The other doubts, about people liking your story, can be a part of not caring what people think. The doubt that you wouldn’t like your story is harder to fight off, because it feels like a betrayal of your artistic integrity to write something even you don’t like. But I think you have to trust that something in this idea attracted you to it in the first place, especially if you’ve already done some development work on it. If the idea is barely more than a scribbled note in a notebook, it just might not be for you, and that’s okay—but if you’ve spent time on it, there’s something there. Keep pushing, try to build up more of what you do like (romance, action, emotional dialogue, tragedy, description, etc.), and focus on how this project can help you grow as a writer even if it doesn’t go anywhere.

  1. Writing Doubts

I think these are the ones everyone talks about in drafting, but once you can get a handle on your mindset, I don’t think they’re as hard to fight off.

Writing doubts are all about the writing itself—the exact words you use. Whether it’s dialogue that’s cliché and boring, plot twists that are obvious, or starting the same sentence the exact same way, you just have to push through it. Keep reminding yourself (every minute if you have to) that you will have revision to come and rewrite everything. Don’t look back if you can help it, and if you can’t, just tell yourself you can’t change even a word.

For me, tiny, deliberate mistakes helped me distance myself from my own writing enough to realize this was a draft. I’ve also thought of trying to write in a font or page view that makes it feel less “official,” or using separate documents to keep from seeing what I’ve already written. I didn’t have to resort to those tactics this time around, so I can’t speak to their effectiveness, but they sound like they might work. 🙂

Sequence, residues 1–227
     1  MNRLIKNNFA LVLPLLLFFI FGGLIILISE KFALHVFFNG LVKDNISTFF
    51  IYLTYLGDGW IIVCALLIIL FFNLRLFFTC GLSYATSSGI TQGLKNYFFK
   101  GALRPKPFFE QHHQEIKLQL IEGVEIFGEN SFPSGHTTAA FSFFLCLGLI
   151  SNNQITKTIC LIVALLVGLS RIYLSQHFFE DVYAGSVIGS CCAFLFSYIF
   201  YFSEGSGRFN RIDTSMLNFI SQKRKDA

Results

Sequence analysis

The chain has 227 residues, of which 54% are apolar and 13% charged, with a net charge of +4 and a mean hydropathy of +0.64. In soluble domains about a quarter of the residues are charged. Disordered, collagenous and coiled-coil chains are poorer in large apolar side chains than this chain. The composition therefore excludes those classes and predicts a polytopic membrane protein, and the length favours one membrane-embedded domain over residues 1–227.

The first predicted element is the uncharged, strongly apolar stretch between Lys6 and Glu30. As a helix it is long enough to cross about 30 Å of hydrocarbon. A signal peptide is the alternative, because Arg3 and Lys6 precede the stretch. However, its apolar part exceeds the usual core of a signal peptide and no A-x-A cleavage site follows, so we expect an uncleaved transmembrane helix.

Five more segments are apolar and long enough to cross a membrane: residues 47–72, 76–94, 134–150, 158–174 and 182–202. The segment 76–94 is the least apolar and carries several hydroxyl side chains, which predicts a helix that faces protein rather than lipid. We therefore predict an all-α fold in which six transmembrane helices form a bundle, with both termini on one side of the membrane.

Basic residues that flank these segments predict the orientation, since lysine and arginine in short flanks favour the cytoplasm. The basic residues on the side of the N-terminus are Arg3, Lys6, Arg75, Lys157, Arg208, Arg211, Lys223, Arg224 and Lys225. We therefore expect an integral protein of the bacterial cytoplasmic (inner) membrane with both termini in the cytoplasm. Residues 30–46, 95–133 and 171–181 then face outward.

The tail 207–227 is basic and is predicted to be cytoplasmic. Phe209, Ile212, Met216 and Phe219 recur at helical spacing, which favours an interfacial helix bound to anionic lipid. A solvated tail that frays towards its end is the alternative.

The difference between idea doubts and writing doubts is this: If you think about your project, and you would still want to write it if you could write it differently, then it’s not the idea you’re doubting—it’s the writing. Even things as big as character and plot are just writing, just words, and they can all be fixed in revision. To a certain extent, a bad idea can be too; it’s all just execution. But if you still like your idea, then you’re dealing with writing doubts.

And you just have to work on distancing yourself from the draft enough to let it be bad. It’s as simple, and difficult, as that. But it can be done.

  1. Process Doubts

These are the silliest doubts of all, and maybe just mine. They’re not even doubts, not really, just various frustrations and impatience that add up to making me feel a little… off.